Hong Huang (Advisor), Ioana Sizemore (Committee Member), Daniel Young (Committee Member)
Master of Science in Engineering (MSEgr)
The growing need for clean and efficient energy storage systems has recently peaked due to concerns of climate change and increased global energy consumption. However, efficiently integrating renewable resources such as solar and wind energy into society will require a complex electrical energy storage (EES) system capable of storing and expending significant amounts of energy. A battery based on the lithium/sulfur couple can yield a theoretical specific energy of 2600Wh/kg, which is about five times higher than that offered by present Li-ion batteries, and hence, is a promising and attractive technology. Despite recent developments in addressing various issues inherent to a sulfur cathode, the lithium/sulfur couple continues to exhibit capacity fade over cycling. The present study uses a low cost, solution-based reaction to heterogeneously nucleate and grow sulfur within the graphene oxide (GO) matrix. The reactive functional groups on GO work to entrap sulfur, thereby reducing polysulfide dissolution and improving electrochemical stability. Morphologies, compositions, and structures of the as-prepared GO/S nanocomposites were characterized using SEM, XRD, TGA, DSC, and EDX. Performance characteristics were electrochemically determined via discharge/charge cycling, and were compared against mechanically mixed GO/S composites. The optimized GO/S nanocomposite was then combined with a graphene-based anode, forming a novel Li-ion/S cell configuration. The replacement of the metallic lithium anode is anticipated to overcome numerous issues afflicting the Li/S battery concept. It is found that selection of an electrolyte compatible with both GO anode and GO/S cathode is critically important to achieve better performance for a graphene-based Li-ion/S cell, which is subjected to further studies.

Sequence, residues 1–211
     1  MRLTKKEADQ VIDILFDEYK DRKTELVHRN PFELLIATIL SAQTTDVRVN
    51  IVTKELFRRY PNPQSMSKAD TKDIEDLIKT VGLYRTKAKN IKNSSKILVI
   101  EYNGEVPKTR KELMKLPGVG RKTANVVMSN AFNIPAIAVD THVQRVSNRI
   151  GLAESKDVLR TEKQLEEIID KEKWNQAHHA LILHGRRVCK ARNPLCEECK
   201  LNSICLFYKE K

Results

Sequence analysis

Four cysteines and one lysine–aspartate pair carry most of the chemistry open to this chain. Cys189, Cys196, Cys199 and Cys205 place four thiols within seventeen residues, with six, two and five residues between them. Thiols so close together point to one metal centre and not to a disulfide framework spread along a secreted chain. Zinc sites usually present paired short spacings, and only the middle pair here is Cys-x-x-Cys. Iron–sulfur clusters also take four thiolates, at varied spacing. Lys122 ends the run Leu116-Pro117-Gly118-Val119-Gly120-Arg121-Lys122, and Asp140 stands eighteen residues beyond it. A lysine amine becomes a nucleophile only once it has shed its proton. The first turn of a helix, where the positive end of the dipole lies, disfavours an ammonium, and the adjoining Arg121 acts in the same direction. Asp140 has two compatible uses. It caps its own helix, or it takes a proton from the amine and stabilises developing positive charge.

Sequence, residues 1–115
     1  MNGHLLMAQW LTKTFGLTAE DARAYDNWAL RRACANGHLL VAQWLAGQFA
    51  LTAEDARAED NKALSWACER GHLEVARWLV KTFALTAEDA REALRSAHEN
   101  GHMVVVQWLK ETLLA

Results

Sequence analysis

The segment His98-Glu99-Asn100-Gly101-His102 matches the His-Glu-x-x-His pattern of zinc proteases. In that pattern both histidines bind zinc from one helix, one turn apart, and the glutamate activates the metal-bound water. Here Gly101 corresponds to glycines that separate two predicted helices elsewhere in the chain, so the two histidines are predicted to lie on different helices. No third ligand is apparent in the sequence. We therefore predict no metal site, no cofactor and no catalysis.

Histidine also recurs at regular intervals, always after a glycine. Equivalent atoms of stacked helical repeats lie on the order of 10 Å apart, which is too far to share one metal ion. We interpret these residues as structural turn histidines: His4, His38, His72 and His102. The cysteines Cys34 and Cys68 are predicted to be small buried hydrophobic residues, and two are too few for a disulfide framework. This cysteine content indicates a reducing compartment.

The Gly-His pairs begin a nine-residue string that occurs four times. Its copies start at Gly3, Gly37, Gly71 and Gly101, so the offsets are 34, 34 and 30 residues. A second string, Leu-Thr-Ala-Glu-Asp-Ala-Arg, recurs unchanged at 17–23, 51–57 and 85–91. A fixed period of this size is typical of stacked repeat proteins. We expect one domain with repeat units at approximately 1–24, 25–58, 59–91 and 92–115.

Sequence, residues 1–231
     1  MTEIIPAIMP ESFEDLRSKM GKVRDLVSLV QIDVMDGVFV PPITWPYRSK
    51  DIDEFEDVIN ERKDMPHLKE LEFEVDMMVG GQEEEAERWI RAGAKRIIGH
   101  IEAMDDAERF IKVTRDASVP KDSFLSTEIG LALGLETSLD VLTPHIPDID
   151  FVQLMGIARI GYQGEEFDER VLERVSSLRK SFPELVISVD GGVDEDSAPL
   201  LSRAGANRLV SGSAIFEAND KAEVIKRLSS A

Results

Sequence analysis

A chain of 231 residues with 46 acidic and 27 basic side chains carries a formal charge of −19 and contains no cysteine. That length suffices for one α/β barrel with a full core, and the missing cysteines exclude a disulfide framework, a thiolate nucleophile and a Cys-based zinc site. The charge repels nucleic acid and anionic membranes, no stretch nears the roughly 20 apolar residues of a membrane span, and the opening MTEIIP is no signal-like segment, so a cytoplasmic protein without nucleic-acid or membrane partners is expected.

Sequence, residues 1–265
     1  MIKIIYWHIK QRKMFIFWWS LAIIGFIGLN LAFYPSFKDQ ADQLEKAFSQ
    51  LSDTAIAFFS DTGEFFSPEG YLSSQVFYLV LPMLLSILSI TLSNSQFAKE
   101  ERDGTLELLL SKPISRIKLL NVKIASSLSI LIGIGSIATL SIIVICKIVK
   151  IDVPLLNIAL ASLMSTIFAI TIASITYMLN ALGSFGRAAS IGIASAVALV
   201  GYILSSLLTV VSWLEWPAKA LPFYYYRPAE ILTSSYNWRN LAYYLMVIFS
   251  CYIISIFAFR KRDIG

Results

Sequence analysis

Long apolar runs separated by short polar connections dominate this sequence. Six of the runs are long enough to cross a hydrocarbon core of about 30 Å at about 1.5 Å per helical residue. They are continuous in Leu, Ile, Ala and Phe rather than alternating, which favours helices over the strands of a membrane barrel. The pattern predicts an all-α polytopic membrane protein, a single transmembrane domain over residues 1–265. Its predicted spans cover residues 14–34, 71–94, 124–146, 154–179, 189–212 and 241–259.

Department or Program
Department of Mechanical and Materials Engineering
Year Degree Awarded
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